As an entry point to my blog, I thought I’d start by giving my responses to the article recommended by Martin Lapworth, On the Mortality of Language Learning Methods
Be aware that I am assuming you are reading the article as you read my response.
The author, Wilifried Decoo, of B.Y.U., does a number on us by describing the situation at the turn of the century in fl teaching: the dissatisfaction, the efforts to find new, effective methods, the excitement as such are contrived, achieve success, and become the paradigm; then the fall as the method fails to live up to expectations for it. Then he unveils his trick: he’s writing about the turn of the 20th century, the years 1880 to 1910. It is cleverly done.
After that, according to Decoo, the field emphasized eclectic methods, trying to avoid the excesses of the earlier period. He uses the words dogmatism and narrow-mindedness. Not having been there (I’m old but not that old), I can’t say, but I do know that those who advocate genuine communication in the classroom and eschew paradigms written on the board for memorization are often described as dogmatic. My opinion is that it comes from our [note my allegiance] refusal to concede that at least some overt, explicit, direct grammar instruction is necessary. We are seen as stubborn and close-minded, even though those advocating “just a wee bit of grammar” offer no evidence that a wee bit of grammar brings about any communicative ability. I don’t know how “those people” conducted themselves. I’d have to read the writings of the period.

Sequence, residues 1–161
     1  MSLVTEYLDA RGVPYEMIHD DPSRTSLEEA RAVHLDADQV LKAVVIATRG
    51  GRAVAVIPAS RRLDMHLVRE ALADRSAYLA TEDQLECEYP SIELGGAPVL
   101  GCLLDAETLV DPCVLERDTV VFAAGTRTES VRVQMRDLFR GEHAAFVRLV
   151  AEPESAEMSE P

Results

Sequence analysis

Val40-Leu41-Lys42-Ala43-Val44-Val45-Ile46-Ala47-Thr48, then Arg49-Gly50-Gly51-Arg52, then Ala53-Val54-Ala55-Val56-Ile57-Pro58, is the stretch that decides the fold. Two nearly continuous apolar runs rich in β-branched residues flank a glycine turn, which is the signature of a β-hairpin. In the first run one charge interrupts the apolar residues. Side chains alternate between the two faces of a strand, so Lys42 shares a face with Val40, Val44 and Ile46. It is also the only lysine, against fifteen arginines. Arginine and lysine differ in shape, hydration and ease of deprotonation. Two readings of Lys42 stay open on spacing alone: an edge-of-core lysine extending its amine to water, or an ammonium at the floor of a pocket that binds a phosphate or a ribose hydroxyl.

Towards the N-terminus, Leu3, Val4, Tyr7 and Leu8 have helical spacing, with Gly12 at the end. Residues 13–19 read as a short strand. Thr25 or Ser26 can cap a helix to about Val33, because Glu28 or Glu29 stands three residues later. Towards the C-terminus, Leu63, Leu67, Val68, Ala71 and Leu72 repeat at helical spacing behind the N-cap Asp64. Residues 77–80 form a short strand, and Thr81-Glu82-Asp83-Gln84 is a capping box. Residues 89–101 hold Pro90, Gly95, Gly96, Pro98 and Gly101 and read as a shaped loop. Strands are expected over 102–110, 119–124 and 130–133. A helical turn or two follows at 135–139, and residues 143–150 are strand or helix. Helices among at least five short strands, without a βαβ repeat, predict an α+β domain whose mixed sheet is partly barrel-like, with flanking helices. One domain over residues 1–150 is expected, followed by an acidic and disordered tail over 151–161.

Decoo resurrects the term “the Active Method” as one method of that eclectic period. I had forgotten that one. He appears to praise this period of eclecticism. In his words, “Dialogues in daily situations remained the core material in most textbooks, but with open book, in careful gradation, and preceded or followed by the clear identification of new lexicon and grammar, with many appropriate exercises for correct integration, including translation exercises.” It would appear that Decoo thinks this is a sound approach to teaching languages. If this proves true as I read the article, I’ll have to come back to this statement and take him on.